As for Beverley - well, he's got a sweetheart anyhow, so that the final pairing off is doubtless to everybody's satisfaction; and as Dick has just come into five millions (we do not learn how, but that doesn't matter), I have no doubt that even Lord Bellingham is congratulatory.
"The Beauty of Bath" was produced at the Aldwych on Monday evening, March 19th, 1906, by Mr. Charles Frohman. The authors are Mr. Seymour Hicks and Mr. Cosmo Hamilton, with lyrics by Mr. Charles H. Taylor, and music by Mr. Herbert E. Haines. The play is delightful. There is not too much music, but just enough, and if it is sometimes noisy, it is at any rate bright and "catchy." There is plenty of smart dialogue, and several taking ditties. The chorus is pretty, and the scenery - particularly the ballroom at Bellingham House, with its procession of fancy dresses after celebrated paintings - is sumptuous and lovely to look upon. High praise is due to all concerned for the manner in which the play is presented.
The personal popularity and the charm of Mr. Hicks and his wife are incontestable, and it goes without saying that Miss Ellaline Terriss as the "beauty" is as dainty and delightful as only Miss Terriss knows how to be, and that Mr. Hicks as Dick plays throughout with his usual exuberance and buoyancy. Many other talented people contribute to this very excellent entertainment.
These inclulde such popular favourites as Miss Rosina Filippi as Mrs. Alington; Miss Sydney Fairbrother as Mrs. Goodge, once a Bloomsbury lodging-house keeper with an affection for Beverley; Miss Maudi Darrell as the actress Miss St. Cyr; Miss Mollie Lowell, as Lady Bun; Miss Topsy Sinden, with a delightful dance; Miss Barbara Deane, with some pretty singing, and Mr. Stanley Brett, Mr. William Lugg, Mr. Murray King, and a lot of others. Then, too, there is Master Valchera, who as Lemon Goodge, the programme boy at the Mascot, who "loves to be squeezed," is a diminutive entertainment in himself.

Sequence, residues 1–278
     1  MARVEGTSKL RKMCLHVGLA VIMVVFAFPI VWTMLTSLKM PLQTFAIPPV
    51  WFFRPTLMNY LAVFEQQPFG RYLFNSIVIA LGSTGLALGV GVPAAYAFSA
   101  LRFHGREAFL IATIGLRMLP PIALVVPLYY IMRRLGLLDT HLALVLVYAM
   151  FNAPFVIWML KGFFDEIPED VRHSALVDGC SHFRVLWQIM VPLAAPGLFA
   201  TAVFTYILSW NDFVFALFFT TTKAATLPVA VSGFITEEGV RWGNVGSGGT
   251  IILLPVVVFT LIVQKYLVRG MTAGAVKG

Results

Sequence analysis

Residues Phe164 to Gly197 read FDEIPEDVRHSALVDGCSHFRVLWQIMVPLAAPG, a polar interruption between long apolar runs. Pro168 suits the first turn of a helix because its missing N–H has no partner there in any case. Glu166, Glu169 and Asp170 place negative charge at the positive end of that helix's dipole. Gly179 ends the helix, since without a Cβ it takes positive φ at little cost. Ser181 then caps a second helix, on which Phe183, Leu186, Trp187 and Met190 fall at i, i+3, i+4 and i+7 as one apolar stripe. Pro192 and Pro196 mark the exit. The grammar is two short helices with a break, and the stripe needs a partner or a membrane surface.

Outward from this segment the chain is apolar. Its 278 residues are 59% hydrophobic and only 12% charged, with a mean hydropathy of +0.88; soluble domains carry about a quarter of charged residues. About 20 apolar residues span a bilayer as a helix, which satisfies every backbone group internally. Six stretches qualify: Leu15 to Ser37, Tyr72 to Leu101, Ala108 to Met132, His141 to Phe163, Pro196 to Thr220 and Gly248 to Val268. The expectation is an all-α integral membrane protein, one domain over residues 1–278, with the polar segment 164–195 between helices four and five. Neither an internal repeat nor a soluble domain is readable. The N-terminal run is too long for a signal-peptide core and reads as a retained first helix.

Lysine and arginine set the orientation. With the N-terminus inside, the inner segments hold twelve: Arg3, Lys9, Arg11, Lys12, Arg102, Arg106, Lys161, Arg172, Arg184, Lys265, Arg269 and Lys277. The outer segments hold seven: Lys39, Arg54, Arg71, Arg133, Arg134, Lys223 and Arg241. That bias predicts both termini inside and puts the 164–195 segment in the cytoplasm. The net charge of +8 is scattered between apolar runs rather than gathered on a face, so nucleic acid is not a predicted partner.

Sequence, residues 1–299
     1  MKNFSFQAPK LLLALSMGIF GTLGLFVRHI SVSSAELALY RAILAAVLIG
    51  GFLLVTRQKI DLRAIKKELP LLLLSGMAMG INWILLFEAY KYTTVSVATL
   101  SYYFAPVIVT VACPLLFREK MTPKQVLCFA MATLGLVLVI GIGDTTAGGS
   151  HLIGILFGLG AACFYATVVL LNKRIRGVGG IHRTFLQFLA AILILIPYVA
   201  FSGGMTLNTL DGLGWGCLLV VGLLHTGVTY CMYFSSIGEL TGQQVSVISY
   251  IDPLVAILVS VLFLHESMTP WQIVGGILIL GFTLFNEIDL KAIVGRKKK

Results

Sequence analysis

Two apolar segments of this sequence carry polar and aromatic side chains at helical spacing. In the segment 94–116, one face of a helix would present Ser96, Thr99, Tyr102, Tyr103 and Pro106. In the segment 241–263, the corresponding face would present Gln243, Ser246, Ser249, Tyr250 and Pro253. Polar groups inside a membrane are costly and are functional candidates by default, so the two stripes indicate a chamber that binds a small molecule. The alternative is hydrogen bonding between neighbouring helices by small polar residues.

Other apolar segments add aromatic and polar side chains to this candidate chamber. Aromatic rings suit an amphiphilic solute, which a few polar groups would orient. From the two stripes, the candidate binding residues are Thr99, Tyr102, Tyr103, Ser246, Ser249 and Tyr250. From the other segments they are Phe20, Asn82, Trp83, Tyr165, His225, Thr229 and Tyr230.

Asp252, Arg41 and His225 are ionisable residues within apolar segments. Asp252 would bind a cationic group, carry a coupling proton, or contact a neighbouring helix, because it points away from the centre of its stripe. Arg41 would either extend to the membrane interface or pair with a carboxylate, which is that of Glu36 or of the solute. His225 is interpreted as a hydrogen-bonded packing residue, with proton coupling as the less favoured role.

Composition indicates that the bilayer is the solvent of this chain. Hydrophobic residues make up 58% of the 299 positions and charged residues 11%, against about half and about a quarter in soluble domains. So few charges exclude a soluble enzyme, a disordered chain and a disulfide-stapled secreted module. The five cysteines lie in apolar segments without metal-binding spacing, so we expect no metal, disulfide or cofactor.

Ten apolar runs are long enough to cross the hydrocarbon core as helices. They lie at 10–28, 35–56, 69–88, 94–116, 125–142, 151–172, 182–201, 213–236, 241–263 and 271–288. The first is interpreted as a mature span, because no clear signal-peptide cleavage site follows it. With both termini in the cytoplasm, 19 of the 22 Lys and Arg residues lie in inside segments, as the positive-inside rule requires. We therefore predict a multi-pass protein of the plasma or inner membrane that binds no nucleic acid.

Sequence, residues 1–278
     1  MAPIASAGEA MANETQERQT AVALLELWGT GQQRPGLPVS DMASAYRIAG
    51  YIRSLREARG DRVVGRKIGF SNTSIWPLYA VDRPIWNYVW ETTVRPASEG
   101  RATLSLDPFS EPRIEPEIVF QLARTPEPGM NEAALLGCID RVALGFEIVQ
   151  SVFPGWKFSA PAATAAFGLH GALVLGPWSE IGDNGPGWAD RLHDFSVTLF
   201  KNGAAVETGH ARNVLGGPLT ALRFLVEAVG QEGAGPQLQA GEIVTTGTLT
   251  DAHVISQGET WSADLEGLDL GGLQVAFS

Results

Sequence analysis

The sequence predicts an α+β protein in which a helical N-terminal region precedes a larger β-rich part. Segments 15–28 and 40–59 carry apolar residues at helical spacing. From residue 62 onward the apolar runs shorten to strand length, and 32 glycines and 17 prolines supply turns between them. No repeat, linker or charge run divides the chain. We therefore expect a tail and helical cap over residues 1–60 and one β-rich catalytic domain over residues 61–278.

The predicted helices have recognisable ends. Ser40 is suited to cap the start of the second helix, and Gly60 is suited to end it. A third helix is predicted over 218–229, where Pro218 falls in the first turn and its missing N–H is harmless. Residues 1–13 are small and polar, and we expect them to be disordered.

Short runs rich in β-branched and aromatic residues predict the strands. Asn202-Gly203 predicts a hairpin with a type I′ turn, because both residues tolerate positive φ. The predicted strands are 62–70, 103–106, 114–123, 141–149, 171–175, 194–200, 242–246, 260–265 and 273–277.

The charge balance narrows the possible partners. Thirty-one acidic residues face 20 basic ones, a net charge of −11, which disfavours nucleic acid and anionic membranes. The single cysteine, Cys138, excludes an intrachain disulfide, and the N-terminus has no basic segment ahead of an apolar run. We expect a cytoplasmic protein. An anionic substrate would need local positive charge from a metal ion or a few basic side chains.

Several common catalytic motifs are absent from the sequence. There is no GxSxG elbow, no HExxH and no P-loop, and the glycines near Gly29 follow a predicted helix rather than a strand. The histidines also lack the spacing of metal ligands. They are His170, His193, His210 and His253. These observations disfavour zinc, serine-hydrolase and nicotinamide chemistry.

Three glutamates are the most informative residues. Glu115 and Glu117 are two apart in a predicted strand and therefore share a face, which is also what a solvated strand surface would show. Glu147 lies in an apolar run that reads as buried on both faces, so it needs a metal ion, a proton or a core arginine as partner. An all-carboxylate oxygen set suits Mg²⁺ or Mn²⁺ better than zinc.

They really are very beautiful, the gowns which grace the boards at the Aldwych, and though I would fain dilate at length upon the picturesque charm of the fancy dresses in the second act, yet for the benefit of those who take an interest in "coming modes," I must desist and confine myself chiefly to the first act.
Miss Ellaline Terriss has selected quaint picturesque gowns for both her appearances. Her first frock is of white satin, the skirt set very fully into the waist, bordered and edged on either side of the front by a band of tucked silk, tiny sprays of pink roses connecting the two bands in front. The bodice is high-waisted, and cut square at the neck, the decolletege and sleeves also displaying the bands of tucks. A pale blue sash, with silver ends, encircles the waist, and is tied in front at the left side.
Quite the Piece de resistance is Miss Terriss' theatre coat, a truly lovely garment of hyacinth blue voile, arranged in tucks over the shoulders, and fitted with long wing sleeves; a band of pink silk, embroidered in silver, borders the inside of cloak and sleeves, while upon the outside appears a narrow band of blue silk embroidered in pink, and edged by a tiny blue ribbon pleating. The cloak is unlined and quite transparent.
In the second act the Beauty of Bath wears a dress of white Oriental satin, the full skirt bearing three deep tucks at the hem, and the bodice displaying a soft white frilled fichu. The sleeves are tight to the wrist, and the sash is of gold tissue. This gown is completed by a soft white muslin hat and a scarf of white chiffon, each end bearing wide satin stripes and a rather heavy fringe.